What would be the response be from the Muslim community if a health care insurer decided that it would decrease the reimbursement for hospital care of their Muslim policyholders, if they were readmitted for the same diagnosis within thirty days of their last discharge? Incidentally, the insurer did not apply that same rule to their Christian patients. Would not the Muslim clerics loudly protest or worse?
What if only black patients, and not any other patients, who were admitted to hospitals for observation and limited diagnostic studies, had to comply with the ‘two-midnight’ rule for their health care insurance to cover their stay? Would the Reverend Jessie Jackson and other leaders in the black community stage a protest march in Washington?
Would the leaders in the ‘gay’ community be silent if practitioners were reimbursed 25% less when they treated gay patients?
Would the women’s lib contingency stand idly by if health plans that specifically targeted medical issues in females faced disproportionate funding decreases while other plans went untouched?
Finally, what if the patients of the Indian Health Service were forced to use preferred pharmacy networks even though their out of pocket costs would be significantly higher? Do you wonder if the leaders of the Native American Community might consider closing all the roads, including the Interstate highways, through their reservations to public transportation in protest?
Although each of these examples seems farfetched, they are close to the truth. The only difference is that these individuals from the Muslim, black, gay, female and Native American communities are limited to the seniors in their community— the seniors who are enrolled in the Medicare program. For each of them, all of these five scenarios are potentially real. The difference is their needs go almost unnoticed, not because of their religious preference, color of their skin, gender or ethic background, but because they are over 65.
For most senior citizens the Medicaid, Medicare and Medicare Advantage programs are single-payer models that are run by the federal and state bureaucrats under the auspices of the administration through the Centers of Medicare and Medicaid Services (CMS). As the ‘only game in town’, they promulgate these discriminatory rules, because they can.
Where is the outcry on behalf of the seniors? Where is the Reverend Jessie Jackson, a Gloria Steinem or a Geronimo to come to their rescue?
It’s not AARP! Their members were thrown ‘under the bus’ when AARP’s Board of Directors threw their support behind President Obama’s health care plan. They didn’t seem to care that over $700 billion would be diverted away from projected Medicare funding over the next ten years. To the Board of Directors of AARP, it has always been about the money. Through its subsidiary company, AARP was one of the main suppliers of Medi-gap insurance, a privately purchased coverage that picked up where Medicare benefits left off. The George W. Bush administration passed the Medicare Advantage program that was a lower-cost alternative to the Medi-gap coverage. More than 11 million seniors took advantage of the program that significantly cut into the AARP Medi-gap revenues. President Obama eliminated subsidies for the Medicare Advantage program that made the more-expensive Medi-gap coverage more competitive.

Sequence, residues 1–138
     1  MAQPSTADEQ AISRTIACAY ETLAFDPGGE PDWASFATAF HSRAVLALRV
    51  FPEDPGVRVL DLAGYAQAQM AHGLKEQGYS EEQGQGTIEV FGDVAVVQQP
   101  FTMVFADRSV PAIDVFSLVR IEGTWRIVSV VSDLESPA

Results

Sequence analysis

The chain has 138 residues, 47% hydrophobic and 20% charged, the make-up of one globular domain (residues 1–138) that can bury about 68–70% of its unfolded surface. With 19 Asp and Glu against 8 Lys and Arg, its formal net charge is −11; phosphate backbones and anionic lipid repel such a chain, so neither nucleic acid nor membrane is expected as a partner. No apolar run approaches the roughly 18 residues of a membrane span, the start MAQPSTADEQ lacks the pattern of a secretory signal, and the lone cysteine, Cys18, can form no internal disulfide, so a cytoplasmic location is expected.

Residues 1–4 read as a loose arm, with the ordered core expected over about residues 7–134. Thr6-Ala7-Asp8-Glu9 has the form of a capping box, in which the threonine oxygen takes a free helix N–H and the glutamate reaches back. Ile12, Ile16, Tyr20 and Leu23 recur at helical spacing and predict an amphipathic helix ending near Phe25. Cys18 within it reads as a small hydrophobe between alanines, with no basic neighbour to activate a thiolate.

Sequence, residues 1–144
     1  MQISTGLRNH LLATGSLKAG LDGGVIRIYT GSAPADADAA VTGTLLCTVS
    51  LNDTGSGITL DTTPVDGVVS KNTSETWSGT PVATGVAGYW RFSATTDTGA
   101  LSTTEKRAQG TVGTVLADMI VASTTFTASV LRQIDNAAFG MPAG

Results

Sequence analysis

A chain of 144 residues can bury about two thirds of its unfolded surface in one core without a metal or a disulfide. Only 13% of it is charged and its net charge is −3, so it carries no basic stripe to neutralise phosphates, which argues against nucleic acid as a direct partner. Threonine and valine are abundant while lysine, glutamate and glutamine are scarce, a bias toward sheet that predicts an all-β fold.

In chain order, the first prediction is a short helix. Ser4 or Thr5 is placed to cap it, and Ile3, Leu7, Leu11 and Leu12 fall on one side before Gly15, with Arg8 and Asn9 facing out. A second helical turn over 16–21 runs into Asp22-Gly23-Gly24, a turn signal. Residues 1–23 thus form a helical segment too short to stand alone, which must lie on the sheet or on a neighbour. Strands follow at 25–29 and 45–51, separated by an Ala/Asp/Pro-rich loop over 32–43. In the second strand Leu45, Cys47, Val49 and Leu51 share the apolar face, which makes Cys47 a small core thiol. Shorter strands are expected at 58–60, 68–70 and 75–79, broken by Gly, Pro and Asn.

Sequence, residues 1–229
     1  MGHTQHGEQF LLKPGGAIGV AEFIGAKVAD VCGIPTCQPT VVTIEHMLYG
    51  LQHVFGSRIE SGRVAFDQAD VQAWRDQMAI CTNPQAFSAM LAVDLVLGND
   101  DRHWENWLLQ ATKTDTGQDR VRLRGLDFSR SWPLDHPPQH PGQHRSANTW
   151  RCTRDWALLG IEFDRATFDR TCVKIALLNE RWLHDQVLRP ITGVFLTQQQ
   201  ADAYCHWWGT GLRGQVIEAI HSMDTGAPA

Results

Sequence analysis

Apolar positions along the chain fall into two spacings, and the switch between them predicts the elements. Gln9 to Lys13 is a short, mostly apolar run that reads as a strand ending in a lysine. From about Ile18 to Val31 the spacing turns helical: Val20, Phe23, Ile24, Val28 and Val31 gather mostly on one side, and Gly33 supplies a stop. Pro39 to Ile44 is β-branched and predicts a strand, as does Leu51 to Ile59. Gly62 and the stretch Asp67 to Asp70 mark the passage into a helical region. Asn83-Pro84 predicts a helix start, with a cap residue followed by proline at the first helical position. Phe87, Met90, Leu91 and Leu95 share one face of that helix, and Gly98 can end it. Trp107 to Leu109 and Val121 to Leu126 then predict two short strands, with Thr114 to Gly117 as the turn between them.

What about the American Medical Association (AMA) and the American College of Physicians (ACP)? Current AMA policy supports adequate funding for the Medicare program and opposes further reductions of current Medicare limiting charges. However, it seems that both of these influential organizations felt that achieving a permanent fix to the Sustainable Growth Rate (SGR) was more important than fighting to block this diversion of projected Medicare funding away from the seniors and to the ‘newly’ insured under Affordable Care Act. As a side note, have these organizations achieved their goal of a permanent fix for the SGR by throwing their support behind the President’s health care plan? No!
So who fights for the seniors’ interests? The answer is the seniors themselves, who really have no effective organizational model after AARP traded their best interests for company profits. They do have the representatives that they elected to their statehouses and Washington DC— these same representatives that were also elected by and are also beholding to many other interests in the community.
These discriminatory regulations by CMS and mandates under the authority of the ACA are examples of how sectors of underrepresented populations fall prey to the dictates of a few when competition is eliminated from the marketplace. Today, it is the seniors.
Tomorrow, who knows?